Calvin Graham – the youngest serviceman in World War II – was only 12 when the Japanese bombed Pearl Harbor. He did not wait a year or two before joining the service; no by May of 1942, he had enlisted in the US Navy. Some speculate the deaths of his cousins inspired him to join. He began shaving at the age of 11 to assist with passing himself off as older and had some friends of his parents forge his parent’s signature.
Due to the need for enlisted men, the petty officers at boot camp were not concerned with anyone’s age. Graham was therefore able to successfully complete the course. A fellow seaman later told the Chicago Tribune that the Navy had already suffered a high number of casualties and were desperate to build up its crew.
Graham first served on the USS South Dakota (BB-57) where he experienced the intense fighting first hand. He assisted in fire control during the Battle of Guadalcanal. During that time, he suffered a number of wounds, including burns and having his front teeth were knocked out. However, Graham didn’t let his injuries stop him. The New York Times later reported that despite his injuries, he continued to assist the wounded. The Smithsonian Magazine wrote that according to Graham, he would remove belts from the dead and use them as tourniquets for the wounded. He is also reported to have given the wounded cigarettes and stayed up all night encouraging them. As a result of his actions during this time, he received both the Bronze Star and the Purple Heart.
However, within the year, Graham’s mother would reveal his age. He was sent to the brig for three months and all his medals were revoked. He would have served remained in the brig longer, but was released when his sister threatened to contact the newspapers. In May of 1943, one year after he enlisted, he received a dishonorable discharge. This caused him to also lose his disability benefits.
At age 17, Graham enlisted with the US Marine Corps. Three years later though he broke his back when he fell from a pier, thus ending his service career. Even though his service as a Marine would qualify him as a veteran, Calvin Graham still spent the balance of his life fighting for both medical benefits and a clean service record. It wasn’t until 1978 that he finally received his honorable discharge. At this time, all his medals – with the exception of the Purple Heart – were reinstated.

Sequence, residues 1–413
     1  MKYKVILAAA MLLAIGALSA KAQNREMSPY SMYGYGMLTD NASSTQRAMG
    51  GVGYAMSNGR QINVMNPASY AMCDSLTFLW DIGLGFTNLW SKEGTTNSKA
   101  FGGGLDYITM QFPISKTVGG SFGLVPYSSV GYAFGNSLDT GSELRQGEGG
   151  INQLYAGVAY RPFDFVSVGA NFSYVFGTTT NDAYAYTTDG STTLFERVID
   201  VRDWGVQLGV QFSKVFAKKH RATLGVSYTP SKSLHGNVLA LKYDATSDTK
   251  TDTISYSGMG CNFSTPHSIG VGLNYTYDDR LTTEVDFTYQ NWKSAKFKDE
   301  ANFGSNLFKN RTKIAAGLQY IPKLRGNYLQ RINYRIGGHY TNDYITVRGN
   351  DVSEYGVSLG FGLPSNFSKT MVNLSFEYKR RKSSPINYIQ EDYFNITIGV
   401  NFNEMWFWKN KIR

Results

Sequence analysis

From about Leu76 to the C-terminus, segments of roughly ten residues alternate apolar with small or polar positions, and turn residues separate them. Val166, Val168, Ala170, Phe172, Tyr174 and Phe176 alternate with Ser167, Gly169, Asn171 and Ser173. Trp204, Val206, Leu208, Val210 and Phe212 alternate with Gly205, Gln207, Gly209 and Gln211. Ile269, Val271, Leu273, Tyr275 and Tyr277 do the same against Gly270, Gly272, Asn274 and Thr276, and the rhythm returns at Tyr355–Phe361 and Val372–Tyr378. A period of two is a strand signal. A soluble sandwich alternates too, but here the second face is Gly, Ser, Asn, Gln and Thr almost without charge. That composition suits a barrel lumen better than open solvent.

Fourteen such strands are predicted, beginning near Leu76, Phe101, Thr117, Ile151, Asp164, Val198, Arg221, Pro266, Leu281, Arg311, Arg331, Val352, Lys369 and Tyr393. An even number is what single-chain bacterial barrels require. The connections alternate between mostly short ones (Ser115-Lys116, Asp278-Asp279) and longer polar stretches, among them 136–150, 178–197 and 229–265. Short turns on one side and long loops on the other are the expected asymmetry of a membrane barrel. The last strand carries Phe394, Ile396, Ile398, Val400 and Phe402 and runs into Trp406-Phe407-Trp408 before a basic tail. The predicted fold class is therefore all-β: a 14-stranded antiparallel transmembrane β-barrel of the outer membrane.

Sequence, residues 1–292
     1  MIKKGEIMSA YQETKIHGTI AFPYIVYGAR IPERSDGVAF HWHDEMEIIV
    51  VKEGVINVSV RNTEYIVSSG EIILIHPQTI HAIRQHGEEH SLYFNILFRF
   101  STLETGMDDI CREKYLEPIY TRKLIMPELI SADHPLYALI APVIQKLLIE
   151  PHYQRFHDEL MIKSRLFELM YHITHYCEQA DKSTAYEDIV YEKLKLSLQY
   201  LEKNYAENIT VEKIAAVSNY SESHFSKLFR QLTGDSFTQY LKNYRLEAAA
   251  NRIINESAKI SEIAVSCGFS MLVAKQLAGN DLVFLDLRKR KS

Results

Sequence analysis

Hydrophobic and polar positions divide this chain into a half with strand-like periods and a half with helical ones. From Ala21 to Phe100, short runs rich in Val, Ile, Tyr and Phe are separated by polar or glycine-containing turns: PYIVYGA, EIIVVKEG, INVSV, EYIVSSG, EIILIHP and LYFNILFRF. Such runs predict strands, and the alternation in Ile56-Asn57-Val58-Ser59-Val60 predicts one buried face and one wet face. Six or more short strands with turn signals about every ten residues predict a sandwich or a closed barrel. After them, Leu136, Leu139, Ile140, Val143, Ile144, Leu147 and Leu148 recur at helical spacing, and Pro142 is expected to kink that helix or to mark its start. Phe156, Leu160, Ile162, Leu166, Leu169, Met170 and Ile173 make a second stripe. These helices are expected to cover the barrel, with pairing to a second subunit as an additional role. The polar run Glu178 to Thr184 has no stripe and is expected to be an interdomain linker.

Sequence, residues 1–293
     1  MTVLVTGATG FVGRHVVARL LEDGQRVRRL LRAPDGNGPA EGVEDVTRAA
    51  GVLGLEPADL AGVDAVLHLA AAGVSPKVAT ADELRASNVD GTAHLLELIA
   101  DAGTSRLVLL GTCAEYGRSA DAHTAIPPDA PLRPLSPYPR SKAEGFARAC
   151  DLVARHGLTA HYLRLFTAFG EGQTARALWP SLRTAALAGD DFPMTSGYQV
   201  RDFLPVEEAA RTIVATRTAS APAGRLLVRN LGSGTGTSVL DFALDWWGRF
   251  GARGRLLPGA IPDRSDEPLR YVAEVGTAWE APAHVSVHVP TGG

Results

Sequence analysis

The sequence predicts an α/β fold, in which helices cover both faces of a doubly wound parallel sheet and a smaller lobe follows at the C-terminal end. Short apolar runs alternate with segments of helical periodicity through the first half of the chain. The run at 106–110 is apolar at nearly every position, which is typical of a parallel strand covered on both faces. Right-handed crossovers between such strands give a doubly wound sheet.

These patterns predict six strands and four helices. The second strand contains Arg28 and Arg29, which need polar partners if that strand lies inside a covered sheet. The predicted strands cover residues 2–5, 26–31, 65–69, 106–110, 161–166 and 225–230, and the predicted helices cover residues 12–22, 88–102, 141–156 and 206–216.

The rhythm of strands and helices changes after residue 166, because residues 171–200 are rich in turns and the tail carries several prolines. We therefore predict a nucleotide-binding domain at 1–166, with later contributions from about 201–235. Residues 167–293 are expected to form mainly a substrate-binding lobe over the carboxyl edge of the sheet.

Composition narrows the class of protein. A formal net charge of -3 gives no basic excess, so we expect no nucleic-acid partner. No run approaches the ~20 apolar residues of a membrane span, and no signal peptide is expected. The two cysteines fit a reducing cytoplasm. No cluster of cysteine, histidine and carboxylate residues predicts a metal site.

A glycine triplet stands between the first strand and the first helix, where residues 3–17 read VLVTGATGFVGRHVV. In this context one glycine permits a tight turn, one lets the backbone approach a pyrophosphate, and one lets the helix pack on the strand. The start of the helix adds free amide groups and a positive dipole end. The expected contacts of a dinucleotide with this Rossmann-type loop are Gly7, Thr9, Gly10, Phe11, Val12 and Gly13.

In 1988, his story was brought to the public via the television movie, Too Young the Hero. This prompted President Reagan to grant Graham full disability benefits. As a result, he received $4,917 increase in his back pay, $18,000 to cover past medical bills (though he was required to provide medical receipts). Unfortunately so much time had passed that many of the doctors he had seen had already passed away and many of the bills had been lost. As a result, he only received $2,100 of the original $18,000.
Despite his rights to the movie amounting to $50,000, after ½ the money went to two agents and another 20% went to a writer of an unpublished book about him, his total – before taxes – only amounted to $15,000.
Graham died of heart failure in November of 1992. Two years later, his Purple Heart was reinstated and presented to his widow. And with the intervention of both President Carter and then President Clinton, Calvin Leon Graham, the youngest serviceman in World War II, was recognized as receiving not only the Bronze Star and Purple Heart, but also the National Defense Service Medal, Asiatic-Pacific Campaign Medal with bronze Battle Star device and the WWII Victory Medal.